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MADAME DE STAEL.*

AMIDST the deluge of new and ephemeral | every minute to meditate on the novelty or publications under which the press both in justice of the reflections which arise from its France and England is groaning, and the study. And it is not on the first perusal of woful depravity of public taste, in all branches these authors that this exquisite pleasure is of literature, which in the former country has obtained. In the heyday of youth and strength, followed the Revolution of the Three Glorious when imagination is ardent, and the world Days, it is not the least important part of the unknown, it is the romance of the story, or the duty of all those who have any share, however general strain of the argument which carries inconsiderable, in the direction of the objects the reader on, and many of the finest and most to which public thought is to be applied, to spiritual reflections are overlooked or unrecur from time to time to the great and appreciated; but in later years, when life has standard works of a former age; and from been experienced, and joy and sorrow felt, amidst the dazzling light of passing meteors when the memory is stored with recollections, in the lower regions of the atmosphere, to and the imagination with images, it is reflecendeavour to direct the public gaze to those tion and observation which constitute the chief fixed luminaries whose radiance in the higher attraction in composition. And judging of the heavens shines, and ever will shine, in im- changes wrought by Time in others from what perishable lustre. From our sense of the im- we have experienced ourselves, we anticipate portance and utility of this attempt, we are a high gratification, even in the best informed not to be deterred by the common remark, readers, by a direction of their attention to that these authors are in everybody's hands; many passages in the great French writers of that their works are read at school, and their the age of Louis XIV. and the Revolution, a names become as household sounds.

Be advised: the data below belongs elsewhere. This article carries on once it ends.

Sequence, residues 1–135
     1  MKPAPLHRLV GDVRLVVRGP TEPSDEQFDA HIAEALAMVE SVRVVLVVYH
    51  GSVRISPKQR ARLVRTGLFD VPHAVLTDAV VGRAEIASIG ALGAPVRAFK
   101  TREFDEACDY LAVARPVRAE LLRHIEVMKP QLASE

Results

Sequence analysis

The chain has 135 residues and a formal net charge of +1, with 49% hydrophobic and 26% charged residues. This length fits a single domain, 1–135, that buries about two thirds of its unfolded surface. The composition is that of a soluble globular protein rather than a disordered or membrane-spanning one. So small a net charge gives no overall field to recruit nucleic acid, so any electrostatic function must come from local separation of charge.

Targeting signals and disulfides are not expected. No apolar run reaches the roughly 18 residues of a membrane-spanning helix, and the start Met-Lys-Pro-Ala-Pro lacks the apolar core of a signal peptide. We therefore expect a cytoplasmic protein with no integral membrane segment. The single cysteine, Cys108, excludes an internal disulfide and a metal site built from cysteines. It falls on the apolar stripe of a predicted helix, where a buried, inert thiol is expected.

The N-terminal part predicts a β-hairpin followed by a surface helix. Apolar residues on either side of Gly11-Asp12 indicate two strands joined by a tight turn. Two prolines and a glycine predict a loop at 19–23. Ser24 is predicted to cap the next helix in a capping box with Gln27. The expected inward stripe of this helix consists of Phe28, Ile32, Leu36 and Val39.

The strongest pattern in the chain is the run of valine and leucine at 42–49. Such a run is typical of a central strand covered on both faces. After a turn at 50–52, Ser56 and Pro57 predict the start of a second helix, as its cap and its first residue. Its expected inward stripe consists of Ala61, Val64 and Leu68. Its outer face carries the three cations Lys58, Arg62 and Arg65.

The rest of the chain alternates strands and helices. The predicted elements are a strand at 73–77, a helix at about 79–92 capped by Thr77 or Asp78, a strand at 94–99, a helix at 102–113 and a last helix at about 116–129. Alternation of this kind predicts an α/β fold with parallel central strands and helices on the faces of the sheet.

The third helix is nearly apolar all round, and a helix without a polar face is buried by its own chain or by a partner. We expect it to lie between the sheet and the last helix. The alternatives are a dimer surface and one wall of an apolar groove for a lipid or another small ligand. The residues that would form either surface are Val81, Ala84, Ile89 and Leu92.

We comparison of their excellences, a criticism know that many things are read at school on their defects, and an exposition of the which are forgotten at college; and many mighty influence which the progress of polithings learned at college which are unhappily tical events has had upon the ideas reflected, and permanently discarded in later years; and even to the greatest authors, from the age in that there are many authors whose names are which they lived, and the external events as household sounds, whose works for that passing around them. very reason are as a strange and unknown The two great eras of French prose literatongue. Every one has heard of Racine and ture are those of Louis XIV. and the RevoMolière, of Bossuet and Fénélon, of Voltaire lution. If the former can boast of Bossuet, and Rousseau, of Chateaubriand and Madame the latter can appeal to Chateaubriand: if the de Staël, of Pascal and Rabelais. We would former still shine in the purest lustre in beg to ask even our best informed and most Fénélon, the latter may boast the more fervent learned readers, with how many of their works pages, and varied genius of De Staël ; if the they are really familiar; how many of their former is supreme in the tragic and comic felicitous expressions have sunk into their muse, and can array Racine, Corneille and recollections; how many of their ideas are Molière, àgainst the transient Lilliputians of engraven on their memory? Others may the romantic school, the latter can show in possess more retentive memories, or more ex- the poetry and even the prose of Lamartine a tensive reading than we do; but we confess, condensation of feeling, a depth of pathos and when we apply such a question, even to the energy of thought which can never be reached constant study of thirty years, we feel not a but in an age which has undergone the animatlittle mortified at the time which has been ing episodes, the heart-stirring feelings consemisapplied, and the brilliant ideas once ob- quent on social convulsion. In the branches of tained from others which have now faded literature which depend on the relations of men from the recollection, and should rejoice much to each other, history-politics-historical phito obtain from others that retrospect of past losophy and historical romance, the superiority greatness which we propose ourselves to lay of the modern school is so prodigious, that it before our readers.